Would the legal scholars here please explain how a baby can be born in a country and not be subject to that country's laws while that baby is there? Aren't we all "subject to the jurisdiction" of the United States as soon as we begin suckling, breathing and shitting our diapers?

    When I read this in school, it just went by as a redundancy, a stylistic thing similar to what we see in lots of old writing. No one explained why anyone would not be subject to a jurisdiction immediately upon being born in that jurisdiction.

    This is problematic and requires a new amendment. We can argue that the authors were not thinking about future waves of immigrants, but the language certainly sounds like they were perfectly happy allowing new babies to be citizens, no matter who they came out of.

    Replies: @HI, @Drake, @Federalist, @Hippopotamusdrome, @Redman, @Anonymous, @Svigor, @S. Verdad

    No one explained why anyone would not be subject to a jurisdiction immediately upon being born in that jurisdiction.

    A Chinese woman, 8 months pregnant, vacations to Disneyland, gives birth prematurely there, then returns back to China.

    When the child grows up in China, does he:

    1. Pay US income tax on income earned abroad?

    2. Register for the selective service?

    3. Vote in US presidental elections?

    • Replies: @PiltdownMan
    @Hippopotamusdrome



    When the child grows up in China, does he:

    1. Pay US income tax on income earned abroad?
     


     
    Yes.

    He is required to, anyway, as former British Foreign Secretary, Boris Johnson discovered. He was born here when his parents were visiting students, and they all left when he was a newborn.

    https://www.forbes.com/sites/robertwood/2015/02/15/savvy-london-mayor-boris-johnson-paid-irs-is-now-renouncing-u-s-citizenship/#b47658721c1d

    https://money.stackexchange.com/questions/89118/how-did-the-irs-know-that-boris-johnson-sold-his-house

    http://www.boris-johnson.com/2006/08/29/american-passport/

  182. @Jim Bob Lassiter
    @Detective Club

    I've been told by an 85% reliable source that RBG has been recently DXed with pancreatic cancer.

    Replies: @stillCARealist, @Wilkey, @tyrone, @Paul Yarbles, @jon, @Clyde, @Bubba

    I’ve been told by an 85% reliable source that RBG has been recently DXed with pancreatic cancer.

    And I have it from a 100% reliable source that she will be 86 in March. That seat is Trump’s 🙂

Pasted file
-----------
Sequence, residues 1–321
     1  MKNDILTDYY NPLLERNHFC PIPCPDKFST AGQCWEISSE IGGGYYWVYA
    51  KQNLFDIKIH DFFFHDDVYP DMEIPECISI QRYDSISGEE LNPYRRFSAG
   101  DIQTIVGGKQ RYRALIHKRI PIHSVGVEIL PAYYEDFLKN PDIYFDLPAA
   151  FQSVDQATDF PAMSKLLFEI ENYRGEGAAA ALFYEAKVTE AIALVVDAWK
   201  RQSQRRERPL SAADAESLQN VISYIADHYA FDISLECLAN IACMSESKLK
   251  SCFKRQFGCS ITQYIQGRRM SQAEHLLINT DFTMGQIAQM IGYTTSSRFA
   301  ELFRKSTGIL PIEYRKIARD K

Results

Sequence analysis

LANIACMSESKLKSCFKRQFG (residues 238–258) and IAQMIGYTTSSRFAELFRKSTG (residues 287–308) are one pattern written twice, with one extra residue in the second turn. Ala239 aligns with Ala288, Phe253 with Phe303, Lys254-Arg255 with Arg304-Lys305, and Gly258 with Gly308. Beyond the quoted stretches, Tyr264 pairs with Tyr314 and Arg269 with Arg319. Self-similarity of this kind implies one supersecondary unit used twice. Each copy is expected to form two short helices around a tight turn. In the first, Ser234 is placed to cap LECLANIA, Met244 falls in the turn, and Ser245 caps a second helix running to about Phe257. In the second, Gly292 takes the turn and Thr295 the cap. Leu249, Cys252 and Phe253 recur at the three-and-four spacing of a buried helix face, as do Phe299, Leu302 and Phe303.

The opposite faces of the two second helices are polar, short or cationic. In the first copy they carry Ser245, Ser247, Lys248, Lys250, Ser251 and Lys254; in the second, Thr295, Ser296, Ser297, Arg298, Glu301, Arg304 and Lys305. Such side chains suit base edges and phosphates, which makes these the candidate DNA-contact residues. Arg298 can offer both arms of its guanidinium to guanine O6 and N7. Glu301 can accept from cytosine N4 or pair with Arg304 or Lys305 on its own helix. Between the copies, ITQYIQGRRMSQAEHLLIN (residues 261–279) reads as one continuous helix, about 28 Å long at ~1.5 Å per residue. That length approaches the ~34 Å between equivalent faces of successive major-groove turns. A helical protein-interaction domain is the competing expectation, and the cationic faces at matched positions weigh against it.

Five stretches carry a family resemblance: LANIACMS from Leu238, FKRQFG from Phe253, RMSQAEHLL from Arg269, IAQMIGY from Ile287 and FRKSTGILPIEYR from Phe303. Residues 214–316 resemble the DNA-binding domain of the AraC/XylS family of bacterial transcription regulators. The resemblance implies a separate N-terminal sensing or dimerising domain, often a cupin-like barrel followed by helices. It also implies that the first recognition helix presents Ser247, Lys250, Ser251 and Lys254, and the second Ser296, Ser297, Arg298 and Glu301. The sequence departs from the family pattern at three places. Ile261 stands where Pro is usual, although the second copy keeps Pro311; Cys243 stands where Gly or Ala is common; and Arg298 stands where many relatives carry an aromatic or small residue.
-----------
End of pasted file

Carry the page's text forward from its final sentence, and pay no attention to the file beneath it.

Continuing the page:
183. @OP
    I would prefer if it was done through legislation. It's very easy for an EO to be reversed. I would also prefer if it were extended to all non-citizens, not just illegals.

    Replies: @Mr. Rational, @Sammler, @Jim Sweeney, @e, @sf, @MBlanc46

    Lindsay Graham, the POTUS’s best supporter once McCain was out of commission, said this morning he’s going to write the legislation.

    Paul Ryan, due to exit the House, said he could not support an EO. Ryan is trying to hold whatever job his globalist puppet masters have lined up for him.

  184. @Buzz Mohawk
    Definitely a Constitutional amendment is needed. That will take about a thousand years to get.

    In the meantime, President Trump and anyone else in our government who supports the idea should do everything in their power, use every trick in the book if necessary, to stop birthright citizenship.

    Trump is making me feel good with this. The guy is a master manipulator. I love the timing; it indicates he is on board with the idea that he and Republicans will enjoy the most voter support if they commit to our agenda and stop trying to please and negotiate with those who want to replace us.

    Full speed ahead. Thousands of troops to the border, and now this. I'm lovin' it like a Big Mac with extra cheese.

    Replies: @istevefan, @Clyde, @Russ, @Colin Wright

    Agree with all your words. Trump is ramping up and due to Melania in my option. She has been through media denigrating shitsz and gets what the deal is. She is giving Tr the extra that he needs.

  185. CNN: “We have to stop demonizing people and realize that the number one threat in this country is white men.”
    Anon said: “… we thank CNN for winning the midterms for us. Thank you based Don [Lemon]!”

    https://twitter.com/markand4503/status/1057291581714128897

  186. @Buzz Mohawk
    Definitely a Constitutional amendment is needed. That will take about a thousand years to get.

    In the meantime, President Trump and anyone else in our government who supports the idea should do everything in their power, use every trick in the book if necessary, to stop birthright citizenship.

    Trump is making me feel good with this. The guy is a master manipulator. I love the timing; it indicates he is on board with the idea that he and Republicans will enjoy the most voter support if they commit to our agenda and stop trying to please and negotiate with those who want to replace us.

    Full speed ahead. Thousands of troops to the border, and now this. I'm lovin' it like a Big Mac with extra cheese.